As ISIS loses Caliphate in Syria and Iraq are we ready for its fighters when they return home?
The cancer of the Islamic State has spread globally and it is now poised to carry out terror attacks abroad as it loses its Caliphate in Syria and Iraq. There are unconfirmed reports that the leader of the Islamic State, Abu Bakr al-Baghdadi has issued a statement called the 'farewell speech' which was distributed throughout Iraq in areas that the Islamic State still controls.
In the statement he urges his followers to carryout suicide attacks at home and to his foreign fighters that they return home to carry out suicide attacks in Western capitals. This statement, if true, comes with the US-backed Iraqi army seizure of the last major road out of western Mosul that had previously been in the Islamic State’s control. The Iraqi army captured the eastern half of Mosul in January after a 100 day offensive while carrying out air strikes on the Western half of the city to soften it up for a final showdown. The U.S. has said that it believes that within six months that both Mosul and Raqqa will fall, while the British are saying that Iraq will be cleared by the end of 2017. Mosul’s liberation in Iraq would signal the end of the Islamic State as an organized and effective fighting force. Similarly, the loss of Raqqa in Syria would crush the Islamic State there and end its Caliphate. All indications are that US-backed forces and air strikes are killing Islamic State fighters at a rate that is unsustainable for fighting the Iraqi army and western forces. It is estimated that some 45,000 Islamic State fighters have been killed by US-led coalition air strikes since August 2016. The US now believes that the number of Islamic State fighters is at its lowest ebb in more than two years. The Islamic State has lost 62 percent of its territory in Iraq and 30 percent in Syria. US Defense Secretary, James Mattis, is in the process now of putting the finishing touches on the Trump administrations plan to end this nightmare in the region.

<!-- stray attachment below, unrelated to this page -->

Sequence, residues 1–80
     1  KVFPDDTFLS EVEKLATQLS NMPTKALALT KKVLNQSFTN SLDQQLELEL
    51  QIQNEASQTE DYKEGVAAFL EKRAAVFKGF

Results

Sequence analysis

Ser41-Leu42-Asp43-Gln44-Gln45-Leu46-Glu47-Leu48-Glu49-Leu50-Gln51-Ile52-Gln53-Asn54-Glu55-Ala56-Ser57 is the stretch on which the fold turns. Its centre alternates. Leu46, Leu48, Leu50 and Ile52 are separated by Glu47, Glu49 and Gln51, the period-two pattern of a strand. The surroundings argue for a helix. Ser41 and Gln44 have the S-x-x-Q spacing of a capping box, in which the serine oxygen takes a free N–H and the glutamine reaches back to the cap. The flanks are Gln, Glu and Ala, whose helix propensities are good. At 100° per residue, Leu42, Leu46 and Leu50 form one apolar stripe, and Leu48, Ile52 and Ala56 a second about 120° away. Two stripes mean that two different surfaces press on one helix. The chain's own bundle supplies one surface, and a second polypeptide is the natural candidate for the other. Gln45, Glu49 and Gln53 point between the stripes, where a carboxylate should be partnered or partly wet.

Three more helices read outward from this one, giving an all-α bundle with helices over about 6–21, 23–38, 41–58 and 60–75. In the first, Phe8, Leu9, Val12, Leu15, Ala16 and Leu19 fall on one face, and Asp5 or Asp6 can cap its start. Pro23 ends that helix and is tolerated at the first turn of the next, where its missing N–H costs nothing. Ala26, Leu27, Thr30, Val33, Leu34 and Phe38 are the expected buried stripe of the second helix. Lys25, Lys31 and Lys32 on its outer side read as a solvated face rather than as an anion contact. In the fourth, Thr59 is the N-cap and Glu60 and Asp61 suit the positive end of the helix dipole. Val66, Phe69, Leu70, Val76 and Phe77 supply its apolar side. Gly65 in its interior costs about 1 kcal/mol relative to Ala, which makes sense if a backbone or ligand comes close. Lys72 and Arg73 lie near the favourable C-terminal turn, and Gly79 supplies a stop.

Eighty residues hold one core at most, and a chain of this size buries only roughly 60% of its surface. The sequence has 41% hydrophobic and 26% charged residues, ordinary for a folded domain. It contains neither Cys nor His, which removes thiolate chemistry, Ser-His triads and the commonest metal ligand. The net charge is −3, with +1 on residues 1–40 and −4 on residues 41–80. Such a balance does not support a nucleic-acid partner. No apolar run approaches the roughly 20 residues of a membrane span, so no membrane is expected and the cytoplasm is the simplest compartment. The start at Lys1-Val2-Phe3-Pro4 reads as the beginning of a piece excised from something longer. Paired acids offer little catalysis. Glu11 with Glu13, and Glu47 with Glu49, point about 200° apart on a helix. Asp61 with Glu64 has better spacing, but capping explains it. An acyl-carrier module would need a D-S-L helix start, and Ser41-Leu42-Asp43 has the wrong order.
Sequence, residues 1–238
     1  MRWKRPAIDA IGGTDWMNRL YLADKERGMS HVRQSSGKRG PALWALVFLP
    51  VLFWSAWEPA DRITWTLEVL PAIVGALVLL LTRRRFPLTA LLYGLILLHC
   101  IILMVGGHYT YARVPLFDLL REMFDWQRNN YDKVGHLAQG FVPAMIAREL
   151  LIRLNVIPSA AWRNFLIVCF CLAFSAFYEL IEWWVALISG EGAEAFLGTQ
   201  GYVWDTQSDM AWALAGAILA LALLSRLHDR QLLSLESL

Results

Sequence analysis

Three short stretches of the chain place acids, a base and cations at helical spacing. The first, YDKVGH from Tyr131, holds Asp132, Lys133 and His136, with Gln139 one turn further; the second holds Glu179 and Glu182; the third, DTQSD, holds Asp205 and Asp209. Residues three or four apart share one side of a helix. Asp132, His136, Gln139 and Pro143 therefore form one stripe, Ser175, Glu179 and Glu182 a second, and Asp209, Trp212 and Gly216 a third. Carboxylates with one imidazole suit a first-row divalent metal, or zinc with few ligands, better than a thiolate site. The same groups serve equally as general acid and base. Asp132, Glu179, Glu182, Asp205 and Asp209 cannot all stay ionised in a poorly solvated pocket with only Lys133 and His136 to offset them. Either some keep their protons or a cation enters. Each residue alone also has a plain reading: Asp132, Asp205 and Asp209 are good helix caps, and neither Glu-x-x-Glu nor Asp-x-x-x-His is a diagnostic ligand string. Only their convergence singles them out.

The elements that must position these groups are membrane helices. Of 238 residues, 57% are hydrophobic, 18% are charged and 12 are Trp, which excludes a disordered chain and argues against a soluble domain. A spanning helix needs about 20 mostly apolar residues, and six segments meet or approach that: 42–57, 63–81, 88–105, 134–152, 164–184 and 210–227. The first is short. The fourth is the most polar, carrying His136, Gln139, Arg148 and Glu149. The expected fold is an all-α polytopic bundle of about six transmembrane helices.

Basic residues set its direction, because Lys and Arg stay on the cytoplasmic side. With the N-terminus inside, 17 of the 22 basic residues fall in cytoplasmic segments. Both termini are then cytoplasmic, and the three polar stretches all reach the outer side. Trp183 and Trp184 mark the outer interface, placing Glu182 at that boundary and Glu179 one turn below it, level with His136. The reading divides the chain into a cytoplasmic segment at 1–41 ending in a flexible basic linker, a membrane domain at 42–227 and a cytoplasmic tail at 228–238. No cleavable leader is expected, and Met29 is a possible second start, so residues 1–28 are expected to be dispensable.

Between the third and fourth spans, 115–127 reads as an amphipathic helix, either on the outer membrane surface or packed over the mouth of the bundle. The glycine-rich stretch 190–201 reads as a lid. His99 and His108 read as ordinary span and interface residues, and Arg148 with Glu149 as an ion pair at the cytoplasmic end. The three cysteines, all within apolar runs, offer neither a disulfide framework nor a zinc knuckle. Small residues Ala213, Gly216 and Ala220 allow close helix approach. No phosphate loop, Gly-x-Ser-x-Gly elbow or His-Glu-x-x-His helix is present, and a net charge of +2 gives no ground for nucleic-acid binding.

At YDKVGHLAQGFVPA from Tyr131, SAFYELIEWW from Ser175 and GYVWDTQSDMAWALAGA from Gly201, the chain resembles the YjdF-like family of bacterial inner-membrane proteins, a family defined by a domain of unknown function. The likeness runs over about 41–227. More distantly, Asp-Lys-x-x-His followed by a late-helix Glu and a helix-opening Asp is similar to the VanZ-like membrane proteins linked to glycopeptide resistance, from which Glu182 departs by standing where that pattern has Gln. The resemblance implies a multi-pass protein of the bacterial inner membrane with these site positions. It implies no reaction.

Having said that, Baghdadi’s threat to the west is a matter of concern as the organization sheds its foreign fighters and they return home. There are worrying trends from the fighting in Iraq. First, the Islamic State has carried out unimaginable numbers of suicide attacks, on average 19 a week, and done so with relative success against waring Iraqi army units. Secondly, they have dramatically increased the use of vehicle-borne improvised explosive devices in suicide attacks. Third, they have become very adept at using homemade and commercial drones as weapons. The Islamic State have reportedly used between three and five drones at a time in attacks armed with grenades or mortar shells. Fourth, the Islamic State fighters are without remorse or limit as some were videotaped attaching a bomb to a puppy to attack civilians. All these lessons learned by the Islamic State are likely to find their way back with foreign fighters as the return home to the west. Some will try and melt back into life as though nothing ever happened, and some will be active jihadis waiting to strike western and Asian targets including China, and to inspire others to do the same. There already reports of Islamic State fighters trying to flee Mosul hiding among refugees.
How long will it be before our Islamic State fighters return home and are we ready? We may think that the fighting is over, that the Islamic State is degraded and that we have destroyed its capacity to plan, direct, support, and execute operations abroad but as General retired, Jim Mattis, would say, the “enemy gets a vote.”